Resolved That a copy of this resolution be transmitted to the chairman of the Judiciary Committee of the U.S. Senate.

I, Alice Nevels, executive director, secretary-treasurer, of the Mississippi State Bar, certify that the foregoing constitutes a true, perfect, and correct copy of a certain resolution unanimously adopted by the Mississippi State Bar in annual convention duly convened assembled and held in the city of Biloxi, Harrison County, Miss., on the 26th day of June 1965, as the same appears in the convention minutes of the Mississippi State Bar of which I am official custodian. Certified this 26th day of June 1965

ALICE NEVELS, Executive Director, Secretary-Treasurer. (At this point in the proceedings Senator Hart entered the hearing room.)

Senator ERVIN. Governor, there has been filed with the subcommittee a statement of a biographical nature concerning you, and I do not know whether you have a copy of it there or not.

Mr. COLEMAN. Mr. Chairman, I do have a copy of it before me. Seneator ERVIN. I would like to ask you this question, whether or not you have examined that copy and whether it is correct. Mr. COLEMAN. It is correct sir.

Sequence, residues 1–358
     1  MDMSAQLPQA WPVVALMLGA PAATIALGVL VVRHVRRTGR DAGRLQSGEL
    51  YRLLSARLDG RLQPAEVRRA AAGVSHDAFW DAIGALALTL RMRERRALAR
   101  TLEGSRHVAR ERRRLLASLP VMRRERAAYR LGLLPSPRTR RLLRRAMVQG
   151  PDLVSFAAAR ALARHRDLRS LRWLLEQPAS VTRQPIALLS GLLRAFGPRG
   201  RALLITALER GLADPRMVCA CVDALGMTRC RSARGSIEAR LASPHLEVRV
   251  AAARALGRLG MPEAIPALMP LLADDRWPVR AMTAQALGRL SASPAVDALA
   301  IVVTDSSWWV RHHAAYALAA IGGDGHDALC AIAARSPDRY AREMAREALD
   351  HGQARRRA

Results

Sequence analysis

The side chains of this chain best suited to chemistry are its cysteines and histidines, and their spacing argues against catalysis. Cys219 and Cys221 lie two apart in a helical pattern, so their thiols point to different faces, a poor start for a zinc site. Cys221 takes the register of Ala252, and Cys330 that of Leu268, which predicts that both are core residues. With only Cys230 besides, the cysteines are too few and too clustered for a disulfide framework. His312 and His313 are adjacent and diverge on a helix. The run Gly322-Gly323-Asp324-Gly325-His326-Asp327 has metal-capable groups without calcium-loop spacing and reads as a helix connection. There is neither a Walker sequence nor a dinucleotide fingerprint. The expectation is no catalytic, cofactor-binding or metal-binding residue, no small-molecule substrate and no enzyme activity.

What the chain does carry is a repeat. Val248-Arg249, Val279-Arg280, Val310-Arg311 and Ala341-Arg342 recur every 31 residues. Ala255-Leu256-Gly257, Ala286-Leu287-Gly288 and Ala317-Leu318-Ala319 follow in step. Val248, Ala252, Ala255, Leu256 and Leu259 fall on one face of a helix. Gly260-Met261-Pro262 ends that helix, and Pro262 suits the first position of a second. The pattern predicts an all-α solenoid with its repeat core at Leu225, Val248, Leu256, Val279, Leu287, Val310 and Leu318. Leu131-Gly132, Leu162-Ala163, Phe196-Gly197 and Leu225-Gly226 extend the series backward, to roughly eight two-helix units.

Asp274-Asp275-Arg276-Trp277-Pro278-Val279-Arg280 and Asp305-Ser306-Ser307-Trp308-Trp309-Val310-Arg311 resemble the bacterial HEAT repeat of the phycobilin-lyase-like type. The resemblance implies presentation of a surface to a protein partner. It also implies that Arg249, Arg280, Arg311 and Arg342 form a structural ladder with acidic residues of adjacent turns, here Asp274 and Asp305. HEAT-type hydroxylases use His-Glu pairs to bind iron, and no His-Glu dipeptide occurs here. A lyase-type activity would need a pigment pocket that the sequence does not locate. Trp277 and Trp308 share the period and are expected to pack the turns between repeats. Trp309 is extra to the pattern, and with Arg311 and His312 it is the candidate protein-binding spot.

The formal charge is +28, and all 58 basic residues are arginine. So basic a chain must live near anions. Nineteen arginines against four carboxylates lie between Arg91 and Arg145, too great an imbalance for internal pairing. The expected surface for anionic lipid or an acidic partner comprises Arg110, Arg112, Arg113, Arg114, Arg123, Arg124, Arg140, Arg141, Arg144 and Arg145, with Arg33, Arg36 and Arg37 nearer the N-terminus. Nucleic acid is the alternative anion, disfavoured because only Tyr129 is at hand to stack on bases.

Senator ERVIN. Then the copy of the biographical statement will be placed in the record at this point.

(Mr. Coleman's biographical sketch follows:)

Name: Coleman, James Plemon.

Born: January 9, 1914, Choctaw County, Miss.

Education: University of Mississippi, Oxford, Miss., September 25, 1932, to June 1934, liberal arts student; September 1934 to December 1934 law school student; January 31, 1935 to February 22, 1939, George Washington University, Washington, D.C., LL.B. degree.

Bar: 1937, Mississippi.

Experience: January 3, 1935 to January 1940, secretary to Congressman Aaron L. Ford of Mississippi, Washington, D.C.; 1937 to 1940, private practice of law, Ackerman, Miss.; January 1, 1940 to October 1, 1946, district attorney for Fifth Circuit Court, District of Mississippi; January 1, 1947 to September 1950, circuit judge for Fifth Circuit Court, District of Mississippi; July 11 to October 19, 1950, commissioner of Supreme Court of Mississippi; October 1950 to 1956, attorney general of Mississippi; January 1956 to January 1960, Governor of Mississippi; January 1960 to January 1964, member of Mississippi Legislature; 1960 to 1965, private practice of law, Ackerman, Miss.; and present, Jackson, Miss. Marital status: Married-one son.

Office: Suite 1111-15, Deposit Guaranty Bank Building, Jackson, Miss.
Home: Box 188, Ackerman, Miss.

To be U.S. circuit judge for the fifth circuit.

Senator ERVIN. Governor, I have just been apprised of the fact that the Attorney General is here.

Attorney General KATZENBACH. Yes, Mr. Chairman.

Senator ERVIN. We will be glad to have you make any statements you might wish to make at this time.


Attorney General KATZENBACH. Thank you, Mr. Chairman. I do have a brief statement which I would like to read if I may, Mr. Chairman.